So that they will constantly give milk, dairy cows are artificially impregnated every year. After a nine-month gestation, calves are routinely taken from their mothers days, or sometimes just hours, after being born.
Male calves are sold to veal farms at auction and will be slaughtered at about five months old, while females will eventually become dairy cows themselves. These young females will never be nursed by their mothers, however; all of their milk is destined for human consumption.
Cows are social and affectionate animals—separating mothers and newborn calves is shown to cause significant stress for both.
Due to the size of the Canadian dairy herd, unwanted male calves drive the veal industry. Calves are either raised as “milk-fed veal” or “grain-fed veal.”
In 2012, 335,000 male calves were slaughtered for human consumption in Canada.
Due in large part to its huge dairy sector, Quebec is subsequently the highest veal-producing province in the country, followed by Ontario. Quebec produces more than 150,000 milk-fed veal calves each year.
Normally, calves begin to eat grass and chew their cud at only a few weeks old. To produce a more tender final product, milk-fed veal calves are fed exclusively with powdered milk until they are slaughtered. For the sole aesthetic reason of producing pale-coloured meat, these calves are kept deliberately anemic over the course of their short lives.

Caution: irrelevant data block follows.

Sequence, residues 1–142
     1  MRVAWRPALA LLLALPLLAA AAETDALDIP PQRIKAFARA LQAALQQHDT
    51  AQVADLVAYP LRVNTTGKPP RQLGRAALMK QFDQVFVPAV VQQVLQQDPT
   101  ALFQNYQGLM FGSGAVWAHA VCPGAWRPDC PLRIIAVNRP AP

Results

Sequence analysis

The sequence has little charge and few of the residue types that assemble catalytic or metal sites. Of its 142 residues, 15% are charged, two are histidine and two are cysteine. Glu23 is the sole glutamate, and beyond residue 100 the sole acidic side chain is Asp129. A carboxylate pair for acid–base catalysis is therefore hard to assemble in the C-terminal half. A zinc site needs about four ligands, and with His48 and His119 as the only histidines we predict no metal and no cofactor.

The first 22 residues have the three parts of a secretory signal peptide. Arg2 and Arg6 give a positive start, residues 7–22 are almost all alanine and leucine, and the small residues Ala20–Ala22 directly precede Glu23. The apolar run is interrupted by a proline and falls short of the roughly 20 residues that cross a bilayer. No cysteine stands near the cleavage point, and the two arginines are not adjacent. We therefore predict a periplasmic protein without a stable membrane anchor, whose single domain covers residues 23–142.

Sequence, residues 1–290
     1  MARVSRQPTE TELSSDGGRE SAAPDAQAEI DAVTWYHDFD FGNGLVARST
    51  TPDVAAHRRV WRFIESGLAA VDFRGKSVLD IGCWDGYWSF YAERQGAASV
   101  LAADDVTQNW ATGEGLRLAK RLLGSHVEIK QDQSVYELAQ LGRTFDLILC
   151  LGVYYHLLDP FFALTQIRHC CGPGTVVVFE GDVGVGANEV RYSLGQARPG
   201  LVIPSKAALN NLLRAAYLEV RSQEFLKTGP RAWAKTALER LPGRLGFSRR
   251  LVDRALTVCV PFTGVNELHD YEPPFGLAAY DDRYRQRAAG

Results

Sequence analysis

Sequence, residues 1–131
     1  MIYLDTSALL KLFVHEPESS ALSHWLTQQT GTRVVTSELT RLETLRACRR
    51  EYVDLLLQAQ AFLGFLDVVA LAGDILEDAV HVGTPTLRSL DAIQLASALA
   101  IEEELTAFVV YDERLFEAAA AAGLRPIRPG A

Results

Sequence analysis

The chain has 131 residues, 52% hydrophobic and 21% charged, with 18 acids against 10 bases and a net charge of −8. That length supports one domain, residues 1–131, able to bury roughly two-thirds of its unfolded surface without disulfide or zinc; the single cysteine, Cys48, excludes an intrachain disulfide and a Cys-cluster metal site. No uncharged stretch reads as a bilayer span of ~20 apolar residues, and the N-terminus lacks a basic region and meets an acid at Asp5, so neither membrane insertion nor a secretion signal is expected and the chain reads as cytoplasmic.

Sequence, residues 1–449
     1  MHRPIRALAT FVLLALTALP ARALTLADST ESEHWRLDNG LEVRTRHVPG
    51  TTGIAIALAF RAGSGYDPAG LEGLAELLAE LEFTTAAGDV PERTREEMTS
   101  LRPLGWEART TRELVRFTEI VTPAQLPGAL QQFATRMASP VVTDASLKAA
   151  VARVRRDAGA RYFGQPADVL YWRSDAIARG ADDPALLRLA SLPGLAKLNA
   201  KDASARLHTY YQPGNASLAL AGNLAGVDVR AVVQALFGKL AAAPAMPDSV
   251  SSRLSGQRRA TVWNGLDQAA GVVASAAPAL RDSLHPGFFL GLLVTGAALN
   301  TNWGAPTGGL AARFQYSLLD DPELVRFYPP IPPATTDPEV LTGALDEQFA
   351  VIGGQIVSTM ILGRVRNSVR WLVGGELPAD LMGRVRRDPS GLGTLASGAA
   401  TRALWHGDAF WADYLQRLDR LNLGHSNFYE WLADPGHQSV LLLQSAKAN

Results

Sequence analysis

A Code of Practice for the treatment of veal calves exists in Canada; however, its standards are completely voluntary.
Calves raised in intensive confinement are denied the chance to express even their most instinctive behaviours. Restricted to crates barely larger than their own bodies, they are unable to take more than a step forward or back, turn around or lie down comfortably. They have no chance to interact with other animals, exercise, groom themselves, suckle or explore.
Canada ranks poorly in its treatment of veal calves compared to other parts of the world. For welfare reasons, the entire European Union banned the use of individual veal crates in 2007. Eight US states have passed similar bans, and in Australia and New Zealand, calves are raised in group housing enclosures.